The goal to have a law career and become a lawyer is helped by making good use iof your universiity;'s prelaw office. A good beginning would include going to the prelaw office, reading some relevant material there, discussing your career plans and your suitability for law school with the prelaw advisor, becoming a member of the prelaw society, and participating in the activities sponsored by the prelaw society.
POSSIBLE SERVICES OF A PRELAW OFFICE
WHY PARTICIPATE IN A PRELAW SOCIETY
PRELAW OFFICE POSIBLE SERVPCES
A well-financed prelaw office with a sufficient number of prelaw advisors may be able to provide:
A lending library of books of possible interest to prelaw students..
Advice and information for students unsure about a career in law.
Advice and information for prelaw students choosing a major. .
Advice and information for prelaw students planning their undergraduate curriculum. .
Schedule lectures by law school deans and admission officers. .
Provide opportunities to observe trials at various courthouses..
Provide opportunites to observe law classes at accredited law schools. .
Provide access to WESTLAW, an online legal research service for legal and law related materials and services.
Provide advice and information about relevant internships.Advice on when to apply to law school (not everyone goes to law school in the fall semester after college graduation)..
Advice on which of law school, graduate school, or employment would be the best choice after graduation..
Advice on options if taking time off' between graduation and applying to law school..
Provide information and advice on LSAT preparation. .
Provide advice on whether a prelaw student should cancel the score on an LSAT just taken..
After LSAT score is received, if needed, provide advice on whether to retake the LSAT. .
Provide advice and information for prelaw students determining possible law schools to send applications..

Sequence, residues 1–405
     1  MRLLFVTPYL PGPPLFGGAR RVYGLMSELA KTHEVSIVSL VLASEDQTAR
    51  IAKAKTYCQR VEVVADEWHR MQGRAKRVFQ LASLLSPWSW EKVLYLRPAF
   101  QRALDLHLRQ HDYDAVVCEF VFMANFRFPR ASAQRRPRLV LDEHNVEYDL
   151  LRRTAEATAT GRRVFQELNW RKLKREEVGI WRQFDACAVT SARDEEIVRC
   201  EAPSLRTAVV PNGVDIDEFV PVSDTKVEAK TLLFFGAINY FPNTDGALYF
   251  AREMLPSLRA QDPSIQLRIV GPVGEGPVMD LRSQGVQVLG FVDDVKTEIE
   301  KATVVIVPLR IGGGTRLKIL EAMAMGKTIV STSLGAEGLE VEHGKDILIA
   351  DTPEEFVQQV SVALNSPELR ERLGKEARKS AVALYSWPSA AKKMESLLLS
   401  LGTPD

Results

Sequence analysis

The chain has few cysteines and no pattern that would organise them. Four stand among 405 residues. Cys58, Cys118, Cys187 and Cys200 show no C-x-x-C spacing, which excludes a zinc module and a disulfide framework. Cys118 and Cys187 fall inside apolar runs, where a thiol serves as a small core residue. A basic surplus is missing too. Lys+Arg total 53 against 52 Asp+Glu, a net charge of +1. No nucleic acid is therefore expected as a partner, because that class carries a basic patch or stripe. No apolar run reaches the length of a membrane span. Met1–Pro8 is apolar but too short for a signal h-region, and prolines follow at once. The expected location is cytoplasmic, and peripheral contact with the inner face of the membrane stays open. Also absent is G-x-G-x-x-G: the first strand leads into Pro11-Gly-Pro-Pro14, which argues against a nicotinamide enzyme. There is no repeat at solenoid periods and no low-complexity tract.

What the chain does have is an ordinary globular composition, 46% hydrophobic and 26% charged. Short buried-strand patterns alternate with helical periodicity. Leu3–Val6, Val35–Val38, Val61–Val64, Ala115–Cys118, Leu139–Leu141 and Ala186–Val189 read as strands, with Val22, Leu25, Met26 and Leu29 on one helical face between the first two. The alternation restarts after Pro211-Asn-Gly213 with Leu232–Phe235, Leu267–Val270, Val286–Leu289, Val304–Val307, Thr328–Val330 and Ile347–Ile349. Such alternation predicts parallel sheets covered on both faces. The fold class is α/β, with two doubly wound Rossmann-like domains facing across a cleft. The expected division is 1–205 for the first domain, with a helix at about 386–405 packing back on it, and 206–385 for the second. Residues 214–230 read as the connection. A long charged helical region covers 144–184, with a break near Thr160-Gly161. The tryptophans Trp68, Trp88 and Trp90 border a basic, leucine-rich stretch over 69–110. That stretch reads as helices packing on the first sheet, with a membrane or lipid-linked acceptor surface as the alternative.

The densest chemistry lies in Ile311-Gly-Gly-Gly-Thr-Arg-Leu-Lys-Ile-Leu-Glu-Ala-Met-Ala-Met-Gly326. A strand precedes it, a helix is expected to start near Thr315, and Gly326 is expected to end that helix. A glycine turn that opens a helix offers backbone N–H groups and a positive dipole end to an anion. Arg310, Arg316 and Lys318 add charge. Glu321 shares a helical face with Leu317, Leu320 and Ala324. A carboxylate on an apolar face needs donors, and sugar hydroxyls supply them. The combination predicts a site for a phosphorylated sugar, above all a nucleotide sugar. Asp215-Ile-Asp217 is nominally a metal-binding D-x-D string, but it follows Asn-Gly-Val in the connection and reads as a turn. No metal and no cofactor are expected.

Review law school personal statement. .
Advice on whom to ask for letters of recommendation..
Advice and information for prelaw students selecting the law school to attend..
Advice and information on what to do if wait-listed at a school more appealing than those at which you were accepted..
Help prelaw students prepare for an interview in the unlikely event that one is wanted by the student and granted by the law school. .
Career advice for the students rejected by all law schools to which they applied..
We have two warnings; the first from Arizona State University Pre-Law and the second from New York University Prelaw:
Keep in mind that information you gather from the web should not take the place of seeing a pre-law advisor.
The ultimate responsibility for your graduate school planning rests with you. A Prelaw Advisors can explain what a law school education is about, suggest related readings, provide statistical data and information (at the beginning of your senior year) about the probability of your admission to selected schools, but ... [the prelaw advisors] cannot tell you whether you will enjoy the law, or whether you will be a good lawyer, or whether you will find a job that fulfils your increased expectations upon law school graduation. The answers to these questions depend on you.
WHY PARTICIPATE IN A PRELAW SOCIETY?
University of Florida Pre-Law Advising says, "Although law schools will not look to see if a student has participated in a pre-law student organization when making admissions decisions, these organizations provide an important function in terms of the collection and dissemination of pertinent law school admission information. An added benefit of these organizations is that they provide an opportunity for students with diverse academic interests but similar career goals to interact."
PHI ALPHA DELTA: A LAW FRATERNITY
Phi Alpha Delta (P,A.D.), is the largest co-ed professional law fraternity in the United States of America. It was founded in 1902 and today has over 300,000 initiated members. Phi Alpha Delta has members who are university students. law school students, lawyers, judges, senators, and even president Approximately one out of six attorneys in the United States is a member of P.A.D. Four of the sitting Justices of the United States Supreme Court are members of P.A.D. Additionally, two of ten of all Federal judges and three of ten of all State judges are P.A.D. members. Six U.S. Presidents have likewise been members of P.A.D. From 1964 to 1968, Tom C. Clark, Associate Justice of the Supreme Court of the United States, served as Supreme Vice Justice of the Fraternity. Phi Alpha Delta has PRELAW CHAPTERS (scrol down). The annual fee is $70.